Relief for Wallace worriers

Appeal court strikes down Wallace award in finding bad faith is more than simply claiming just cause
By Stuart Rudner
|Canadian Employment Law Today

Lack of just cause doesn’t mean bad faith

By now, readers are likely familiar with Wallace damages and they have become part of the boilerplate wrongful dismissal claim despite explicit wording in the Wallace decision itself, which warned against making such claims as a matter of routine. Former Supreme Court of Canada Justice Frank Iacobucci foresaw the danger but was unable to prevent it with his words of wisdom in the 1997 ruling.

In the intervening years since the Wallace decision, there has been some judicial backlash against the indiscriminate use of claims for Wallace damages without any legitimate basis. Justice Randall Echlin of the Ontario Superior Court of Justice in particular has expressed his displeasure with this practice and warned of potential sanctions against employees who perpetuate it.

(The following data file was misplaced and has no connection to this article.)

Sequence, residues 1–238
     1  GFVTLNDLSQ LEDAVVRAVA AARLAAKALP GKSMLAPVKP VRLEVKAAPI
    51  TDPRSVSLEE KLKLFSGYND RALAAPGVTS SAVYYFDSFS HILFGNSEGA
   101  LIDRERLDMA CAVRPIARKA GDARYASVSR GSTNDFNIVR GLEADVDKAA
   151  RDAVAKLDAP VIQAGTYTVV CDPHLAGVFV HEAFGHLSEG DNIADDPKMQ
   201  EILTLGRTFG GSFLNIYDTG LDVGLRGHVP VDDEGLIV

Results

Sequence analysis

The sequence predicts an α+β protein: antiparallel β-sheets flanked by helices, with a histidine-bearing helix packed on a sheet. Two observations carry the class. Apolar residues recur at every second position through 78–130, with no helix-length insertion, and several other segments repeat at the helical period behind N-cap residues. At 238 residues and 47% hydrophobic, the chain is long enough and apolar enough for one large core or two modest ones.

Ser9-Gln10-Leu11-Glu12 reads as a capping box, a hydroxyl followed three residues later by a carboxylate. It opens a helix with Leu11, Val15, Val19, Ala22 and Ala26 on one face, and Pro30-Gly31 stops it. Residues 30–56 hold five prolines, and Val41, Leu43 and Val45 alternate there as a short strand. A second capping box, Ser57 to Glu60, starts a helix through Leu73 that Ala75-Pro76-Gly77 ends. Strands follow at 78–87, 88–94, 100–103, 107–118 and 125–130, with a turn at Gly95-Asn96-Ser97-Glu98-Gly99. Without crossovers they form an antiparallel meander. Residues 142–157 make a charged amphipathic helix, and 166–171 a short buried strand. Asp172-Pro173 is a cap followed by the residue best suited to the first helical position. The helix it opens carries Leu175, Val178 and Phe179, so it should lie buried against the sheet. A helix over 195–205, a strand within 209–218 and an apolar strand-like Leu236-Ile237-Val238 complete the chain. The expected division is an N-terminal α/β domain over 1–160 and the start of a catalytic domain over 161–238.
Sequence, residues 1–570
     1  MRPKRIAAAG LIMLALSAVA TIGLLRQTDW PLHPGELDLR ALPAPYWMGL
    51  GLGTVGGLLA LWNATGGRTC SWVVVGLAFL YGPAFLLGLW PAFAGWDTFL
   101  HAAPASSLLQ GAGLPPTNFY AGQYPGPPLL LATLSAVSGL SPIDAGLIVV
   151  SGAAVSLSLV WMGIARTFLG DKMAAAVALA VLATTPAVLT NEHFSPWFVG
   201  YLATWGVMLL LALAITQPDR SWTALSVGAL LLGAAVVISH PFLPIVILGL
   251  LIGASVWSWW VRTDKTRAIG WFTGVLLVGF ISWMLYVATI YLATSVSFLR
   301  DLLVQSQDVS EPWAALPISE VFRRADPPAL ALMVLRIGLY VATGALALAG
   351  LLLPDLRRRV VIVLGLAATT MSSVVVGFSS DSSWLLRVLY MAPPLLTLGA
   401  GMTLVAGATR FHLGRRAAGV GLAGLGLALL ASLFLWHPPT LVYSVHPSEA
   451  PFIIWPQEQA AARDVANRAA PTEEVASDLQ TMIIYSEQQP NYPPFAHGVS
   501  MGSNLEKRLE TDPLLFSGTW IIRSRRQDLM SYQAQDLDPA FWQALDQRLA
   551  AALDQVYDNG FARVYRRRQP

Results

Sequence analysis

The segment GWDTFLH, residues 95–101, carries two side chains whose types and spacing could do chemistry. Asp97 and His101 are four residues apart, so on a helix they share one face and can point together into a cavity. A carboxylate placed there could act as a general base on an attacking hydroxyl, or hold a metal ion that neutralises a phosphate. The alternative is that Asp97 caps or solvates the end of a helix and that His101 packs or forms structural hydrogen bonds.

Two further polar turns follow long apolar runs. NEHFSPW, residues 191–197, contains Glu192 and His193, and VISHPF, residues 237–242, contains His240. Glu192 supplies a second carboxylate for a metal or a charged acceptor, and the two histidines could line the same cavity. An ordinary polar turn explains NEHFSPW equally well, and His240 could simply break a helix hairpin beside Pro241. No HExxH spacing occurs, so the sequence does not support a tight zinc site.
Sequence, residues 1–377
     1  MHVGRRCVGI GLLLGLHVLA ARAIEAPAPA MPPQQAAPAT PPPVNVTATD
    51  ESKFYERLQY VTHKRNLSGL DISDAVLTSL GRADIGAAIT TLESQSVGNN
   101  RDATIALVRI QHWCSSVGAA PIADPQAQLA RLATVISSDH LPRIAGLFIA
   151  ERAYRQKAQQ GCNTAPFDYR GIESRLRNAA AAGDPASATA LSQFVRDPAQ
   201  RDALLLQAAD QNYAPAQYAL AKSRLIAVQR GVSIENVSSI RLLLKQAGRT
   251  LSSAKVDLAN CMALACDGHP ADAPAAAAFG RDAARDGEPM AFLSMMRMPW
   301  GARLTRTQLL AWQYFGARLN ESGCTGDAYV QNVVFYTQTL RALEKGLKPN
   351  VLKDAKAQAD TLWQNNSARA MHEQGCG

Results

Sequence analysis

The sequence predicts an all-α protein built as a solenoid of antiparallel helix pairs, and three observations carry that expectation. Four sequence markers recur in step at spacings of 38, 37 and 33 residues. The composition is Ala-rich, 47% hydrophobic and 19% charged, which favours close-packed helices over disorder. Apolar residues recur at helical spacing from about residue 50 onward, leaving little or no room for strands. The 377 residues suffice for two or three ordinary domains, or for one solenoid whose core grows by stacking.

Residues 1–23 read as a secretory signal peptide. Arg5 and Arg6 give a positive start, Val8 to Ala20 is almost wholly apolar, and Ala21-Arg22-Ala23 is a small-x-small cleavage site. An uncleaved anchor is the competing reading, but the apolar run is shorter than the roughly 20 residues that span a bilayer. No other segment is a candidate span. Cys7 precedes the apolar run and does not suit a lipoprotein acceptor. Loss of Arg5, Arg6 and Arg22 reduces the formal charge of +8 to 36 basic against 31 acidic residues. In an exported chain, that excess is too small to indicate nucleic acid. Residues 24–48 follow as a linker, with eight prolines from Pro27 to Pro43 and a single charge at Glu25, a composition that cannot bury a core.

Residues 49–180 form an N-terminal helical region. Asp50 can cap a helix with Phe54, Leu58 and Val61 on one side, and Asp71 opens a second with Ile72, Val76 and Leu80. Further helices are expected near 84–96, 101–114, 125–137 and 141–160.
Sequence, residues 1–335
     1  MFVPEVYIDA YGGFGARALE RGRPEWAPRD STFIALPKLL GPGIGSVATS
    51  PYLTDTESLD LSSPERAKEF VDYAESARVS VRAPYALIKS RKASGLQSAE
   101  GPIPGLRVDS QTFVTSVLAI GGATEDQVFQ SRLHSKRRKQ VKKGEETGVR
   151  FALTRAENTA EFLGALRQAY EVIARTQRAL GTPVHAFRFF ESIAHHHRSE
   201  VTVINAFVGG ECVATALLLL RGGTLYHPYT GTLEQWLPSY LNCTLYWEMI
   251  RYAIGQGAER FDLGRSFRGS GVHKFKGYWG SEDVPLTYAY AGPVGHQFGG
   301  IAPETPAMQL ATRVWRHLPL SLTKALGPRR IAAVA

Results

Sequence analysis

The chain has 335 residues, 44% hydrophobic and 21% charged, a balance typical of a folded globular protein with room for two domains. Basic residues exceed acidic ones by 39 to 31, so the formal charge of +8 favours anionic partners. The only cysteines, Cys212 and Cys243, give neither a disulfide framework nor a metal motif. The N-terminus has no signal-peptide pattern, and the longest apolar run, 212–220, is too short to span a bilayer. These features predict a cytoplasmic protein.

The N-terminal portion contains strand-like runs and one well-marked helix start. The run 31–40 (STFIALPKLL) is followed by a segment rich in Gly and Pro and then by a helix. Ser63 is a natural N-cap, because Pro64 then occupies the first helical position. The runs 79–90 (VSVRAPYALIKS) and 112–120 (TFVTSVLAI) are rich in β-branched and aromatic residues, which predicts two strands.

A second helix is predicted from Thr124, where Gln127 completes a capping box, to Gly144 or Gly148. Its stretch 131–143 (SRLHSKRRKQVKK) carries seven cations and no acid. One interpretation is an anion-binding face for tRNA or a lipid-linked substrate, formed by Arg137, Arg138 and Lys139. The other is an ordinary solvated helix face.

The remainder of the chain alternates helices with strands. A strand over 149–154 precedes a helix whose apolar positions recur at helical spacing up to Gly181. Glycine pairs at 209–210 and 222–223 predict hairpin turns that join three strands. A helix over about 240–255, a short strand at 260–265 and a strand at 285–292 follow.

There hasn’t been a judge that has followed up on Echlin's suggestion and penalized a plaintiff for frivolous Wallace claims. However, the Ontario Court of Appeal recently struck down a Wallace award and may have provided some guidance in determining when an employer’s conduct constitutes bad faith in the course of dismissal and when it doesn’t. If anything, the decision indicates a claim for Wallace damages doesn’t necessarily mean an employee is entitled to them, even if just cause isn’t found.

It’s become common in wrongful dismissal claims for there to be an assumption of bad faith on the part of the employer in the course of dismissal, which means these claims are often accompanied by a request for extra damages as in the landmark